A list of iodine rich foods is available at whfoods.org, and it includes sea vegetables and scallops. Other foods high in iodine include cod, yogurt, shrimp, eggs and strawberries.
Sea vegetables are the most iodine-rich foods, with brown sea vegetables, such as kelp and wakame, containing more iodine than red sea vegetables. Iodine is a critical component to thyroid function in the body, and consuming too much or too little of it can imbalance the thyroid. Because sea vegetables are so concentrated in iodine, it is easy to exceed the upper limit of daily iodine intake, so it is important to monitor the consumption of sea vegetables.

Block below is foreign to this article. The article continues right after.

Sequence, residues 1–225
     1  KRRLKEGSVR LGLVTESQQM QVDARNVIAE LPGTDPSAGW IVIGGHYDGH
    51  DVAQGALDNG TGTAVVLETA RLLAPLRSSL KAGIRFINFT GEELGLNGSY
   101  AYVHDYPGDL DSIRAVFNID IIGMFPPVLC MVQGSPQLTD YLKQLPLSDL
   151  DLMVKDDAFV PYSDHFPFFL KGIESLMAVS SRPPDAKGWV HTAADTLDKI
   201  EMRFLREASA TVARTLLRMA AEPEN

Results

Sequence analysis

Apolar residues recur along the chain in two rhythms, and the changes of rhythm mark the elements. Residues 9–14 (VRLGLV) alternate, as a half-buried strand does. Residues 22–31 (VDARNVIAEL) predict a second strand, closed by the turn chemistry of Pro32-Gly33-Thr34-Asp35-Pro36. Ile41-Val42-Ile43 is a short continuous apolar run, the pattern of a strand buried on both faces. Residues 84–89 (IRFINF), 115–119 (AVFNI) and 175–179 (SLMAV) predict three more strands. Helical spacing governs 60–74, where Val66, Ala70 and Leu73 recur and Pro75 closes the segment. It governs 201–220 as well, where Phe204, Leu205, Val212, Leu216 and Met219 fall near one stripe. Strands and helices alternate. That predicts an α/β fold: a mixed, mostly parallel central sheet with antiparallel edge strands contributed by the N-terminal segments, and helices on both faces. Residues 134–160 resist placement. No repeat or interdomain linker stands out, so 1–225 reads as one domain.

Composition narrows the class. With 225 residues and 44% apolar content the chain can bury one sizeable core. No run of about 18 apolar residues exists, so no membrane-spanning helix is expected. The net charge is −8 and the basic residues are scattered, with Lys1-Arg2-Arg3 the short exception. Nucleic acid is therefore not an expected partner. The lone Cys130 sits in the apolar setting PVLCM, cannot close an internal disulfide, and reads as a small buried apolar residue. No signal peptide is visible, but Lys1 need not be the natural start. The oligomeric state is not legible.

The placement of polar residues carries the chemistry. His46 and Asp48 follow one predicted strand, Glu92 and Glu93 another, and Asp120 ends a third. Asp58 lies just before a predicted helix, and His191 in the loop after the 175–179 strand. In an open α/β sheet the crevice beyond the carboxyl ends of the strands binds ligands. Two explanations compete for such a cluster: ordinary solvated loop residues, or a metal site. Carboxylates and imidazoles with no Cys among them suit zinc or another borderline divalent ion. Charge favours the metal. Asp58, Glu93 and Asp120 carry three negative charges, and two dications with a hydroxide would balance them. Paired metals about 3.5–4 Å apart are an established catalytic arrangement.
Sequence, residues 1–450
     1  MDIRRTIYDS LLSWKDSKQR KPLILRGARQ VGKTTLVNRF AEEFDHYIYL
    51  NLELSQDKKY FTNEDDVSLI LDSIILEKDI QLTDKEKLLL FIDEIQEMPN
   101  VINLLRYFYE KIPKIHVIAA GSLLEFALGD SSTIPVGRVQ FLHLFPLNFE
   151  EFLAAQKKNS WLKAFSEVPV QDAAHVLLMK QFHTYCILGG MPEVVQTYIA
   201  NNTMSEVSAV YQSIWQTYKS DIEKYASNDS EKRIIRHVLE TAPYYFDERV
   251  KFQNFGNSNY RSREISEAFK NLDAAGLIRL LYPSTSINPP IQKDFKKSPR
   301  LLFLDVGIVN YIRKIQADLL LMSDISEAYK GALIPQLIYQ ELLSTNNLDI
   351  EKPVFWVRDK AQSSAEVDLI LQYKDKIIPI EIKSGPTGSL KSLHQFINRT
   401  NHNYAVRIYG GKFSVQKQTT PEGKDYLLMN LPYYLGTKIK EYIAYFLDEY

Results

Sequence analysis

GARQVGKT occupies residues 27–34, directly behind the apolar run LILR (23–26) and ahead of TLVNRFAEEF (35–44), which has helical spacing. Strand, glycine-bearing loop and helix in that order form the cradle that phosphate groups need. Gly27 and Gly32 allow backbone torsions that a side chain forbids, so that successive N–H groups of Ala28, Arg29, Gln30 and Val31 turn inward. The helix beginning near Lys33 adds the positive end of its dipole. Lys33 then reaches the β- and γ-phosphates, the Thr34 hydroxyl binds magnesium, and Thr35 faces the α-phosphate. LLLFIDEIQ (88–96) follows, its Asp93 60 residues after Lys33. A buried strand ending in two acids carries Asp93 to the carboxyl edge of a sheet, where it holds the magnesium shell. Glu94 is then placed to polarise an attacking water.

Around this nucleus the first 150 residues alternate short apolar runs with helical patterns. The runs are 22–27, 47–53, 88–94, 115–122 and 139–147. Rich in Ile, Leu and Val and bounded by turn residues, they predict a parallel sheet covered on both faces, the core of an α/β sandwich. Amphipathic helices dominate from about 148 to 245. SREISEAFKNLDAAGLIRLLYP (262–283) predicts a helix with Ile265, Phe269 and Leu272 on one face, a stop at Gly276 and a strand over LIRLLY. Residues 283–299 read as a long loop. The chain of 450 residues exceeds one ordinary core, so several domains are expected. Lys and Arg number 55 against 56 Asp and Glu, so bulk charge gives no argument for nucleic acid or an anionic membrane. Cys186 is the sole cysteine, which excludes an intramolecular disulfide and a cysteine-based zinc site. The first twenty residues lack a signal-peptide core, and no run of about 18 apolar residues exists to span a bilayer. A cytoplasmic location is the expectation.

Other sea-based foods such as fish are also high in iodine, with cod and scallops providing 90 percent of the daily recommended iodine intake per 4-ounce serving. If a person does not eat sea-based foods, it becomes more difficult for him to meet his daily iodine intake. Even though iodized salt is an alternative iodine source, it is not a natural source and may not contain enough iodine to meet the recommended intake. It is also possible to obtain between 5 and 30 percent of the daily iodine intake from iodine-rich vegetables such as onions and sweet potatoes.